These explorations are great uses for small scrap, and they also provide fodder for design choices later on.  Nights like these are less about moving my current projects forward, and more about charging my creative batteries.  View the pictures here.

David’s Bed

One of my current projects is a twin-sized bed made of walnut with birds-eye maple panels. 

 I envisioned this piece largely by imagining the combination of elements I wanted to incorporate.  I knew I wanted through-tenons in walnut, wedged with maple.  I knew I wanted square posts which stood proud of the rails, and I knew I wanted complementary wood tones.

You can keep up with this project here.

Study Time

Frame and PanelOne of the lessons GTD has taught me is that at any given unscheduled, unoccupied moment, I should take on the task I have time and energy for, the task that’s appropriate for the current context. So for example, I have a list of the phone calls I need to make when I have time and access to a phone, and a list of tasks I need to perform in the workshop to move my woodworking projects forward.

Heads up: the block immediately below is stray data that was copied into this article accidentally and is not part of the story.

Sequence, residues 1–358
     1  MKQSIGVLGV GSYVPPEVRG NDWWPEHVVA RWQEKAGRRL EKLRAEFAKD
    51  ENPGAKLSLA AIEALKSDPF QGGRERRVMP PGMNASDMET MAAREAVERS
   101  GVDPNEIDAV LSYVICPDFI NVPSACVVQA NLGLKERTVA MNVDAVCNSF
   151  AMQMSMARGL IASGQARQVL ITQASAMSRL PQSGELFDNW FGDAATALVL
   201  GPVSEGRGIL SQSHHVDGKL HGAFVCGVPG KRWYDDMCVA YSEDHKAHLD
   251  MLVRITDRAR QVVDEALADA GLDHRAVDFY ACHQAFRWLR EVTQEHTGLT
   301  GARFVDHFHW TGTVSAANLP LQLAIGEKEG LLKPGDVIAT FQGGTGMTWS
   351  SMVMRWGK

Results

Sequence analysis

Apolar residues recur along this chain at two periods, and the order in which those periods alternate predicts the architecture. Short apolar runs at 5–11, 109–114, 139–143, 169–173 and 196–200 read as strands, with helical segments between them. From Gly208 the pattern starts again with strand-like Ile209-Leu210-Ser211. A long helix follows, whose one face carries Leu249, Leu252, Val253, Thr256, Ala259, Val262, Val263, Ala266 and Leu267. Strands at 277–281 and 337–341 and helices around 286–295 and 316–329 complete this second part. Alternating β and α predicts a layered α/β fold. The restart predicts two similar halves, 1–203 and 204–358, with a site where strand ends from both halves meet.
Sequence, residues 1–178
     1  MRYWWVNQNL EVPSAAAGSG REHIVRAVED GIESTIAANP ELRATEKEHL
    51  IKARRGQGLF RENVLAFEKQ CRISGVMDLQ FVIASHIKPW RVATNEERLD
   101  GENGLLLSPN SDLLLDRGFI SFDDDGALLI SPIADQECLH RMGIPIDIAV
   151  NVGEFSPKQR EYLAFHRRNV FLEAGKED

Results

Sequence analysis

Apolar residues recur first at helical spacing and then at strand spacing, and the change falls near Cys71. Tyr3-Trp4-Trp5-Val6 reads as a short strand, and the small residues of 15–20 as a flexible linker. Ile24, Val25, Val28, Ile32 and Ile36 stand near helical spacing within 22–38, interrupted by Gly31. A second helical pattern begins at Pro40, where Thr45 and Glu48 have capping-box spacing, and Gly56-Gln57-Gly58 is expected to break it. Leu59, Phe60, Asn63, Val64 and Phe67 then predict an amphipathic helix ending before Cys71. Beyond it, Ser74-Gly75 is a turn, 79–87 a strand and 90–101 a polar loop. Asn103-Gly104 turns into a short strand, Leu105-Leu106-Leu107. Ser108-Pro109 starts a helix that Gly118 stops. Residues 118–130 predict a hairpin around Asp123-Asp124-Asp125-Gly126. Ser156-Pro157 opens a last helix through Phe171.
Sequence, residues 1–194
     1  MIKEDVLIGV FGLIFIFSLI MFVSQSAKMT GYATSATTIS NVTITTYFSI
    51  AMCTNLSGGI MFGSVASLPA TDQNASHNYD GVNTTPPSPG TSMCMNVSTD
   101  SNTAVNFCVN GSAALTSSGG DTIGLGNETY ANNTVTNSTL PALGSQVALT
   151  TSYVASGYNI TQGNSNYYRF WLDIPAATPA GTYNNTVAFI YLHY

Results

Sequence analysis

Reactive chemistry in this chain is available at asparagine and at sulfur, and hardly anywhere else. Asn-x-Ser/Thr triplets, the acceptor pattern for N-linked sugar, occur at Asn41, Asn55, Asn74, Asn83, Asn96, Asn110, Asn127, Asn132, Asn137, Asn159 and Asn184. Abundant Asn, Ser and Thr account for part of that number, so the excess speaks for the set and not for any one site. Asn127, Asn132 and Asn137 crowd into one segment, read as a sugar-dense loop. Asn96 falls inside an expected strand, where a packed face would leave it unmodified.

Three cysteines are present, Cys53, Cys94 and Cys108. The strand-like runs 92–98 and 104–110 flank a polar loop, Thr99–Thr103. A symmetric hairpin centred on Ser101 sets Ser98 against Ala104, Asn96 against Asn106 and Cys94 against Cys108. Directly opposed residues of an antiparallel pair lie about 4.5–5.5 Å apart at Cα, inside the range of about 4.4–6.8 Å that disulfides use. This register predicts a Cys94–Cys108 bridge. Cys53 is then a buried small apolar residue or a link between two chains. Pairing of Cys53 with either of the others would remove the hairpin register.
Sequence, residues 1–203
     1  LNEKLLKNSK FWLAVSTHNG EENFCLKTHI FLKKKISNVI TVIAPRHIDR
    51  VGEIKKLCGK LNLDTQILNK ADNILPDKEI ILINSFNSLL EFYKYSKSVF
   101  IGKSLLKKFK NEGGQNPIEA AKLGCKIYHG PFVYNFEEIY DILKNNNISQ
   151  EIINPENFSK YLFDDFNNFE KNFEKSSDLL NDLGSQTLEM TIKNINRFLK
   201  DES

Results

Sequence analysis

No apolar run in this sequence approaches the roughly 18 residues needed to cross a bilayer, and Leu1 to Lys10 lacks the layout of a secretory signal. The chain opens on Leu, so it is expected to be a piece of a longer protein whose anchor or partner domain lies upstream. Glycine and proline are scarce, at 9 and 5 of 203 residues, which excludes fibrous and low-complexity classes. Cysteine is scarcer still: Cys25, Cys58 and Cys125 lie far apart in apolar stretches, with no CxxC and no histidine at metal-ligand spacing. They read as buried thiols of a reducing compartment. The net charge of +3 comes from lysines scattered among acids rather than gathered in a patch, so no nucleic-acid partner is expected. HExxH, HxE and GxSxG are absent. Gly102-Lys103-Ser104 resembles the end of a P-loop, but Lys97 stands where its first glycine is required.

But it pays to think carefully about context, and how we really define it.  Lately I’ve begun thinking of my workshop more as a studio: as a place to explore, to express my creativity; as Merriam-Webster defines it, “a place for the study of an art”.  The interesting thing about seeing a woodworking shop as a studio is that it invites one to explore.  So if I don’t have an opportunity to move projects forward in my studio because I’m waiting for a finish to dry or glue to cure, what do I do in the studio?

A few nights ago, I had such a moment: It was too cold to finish or glue, I was too tired to do precision joinery, but mentally I was still engaged.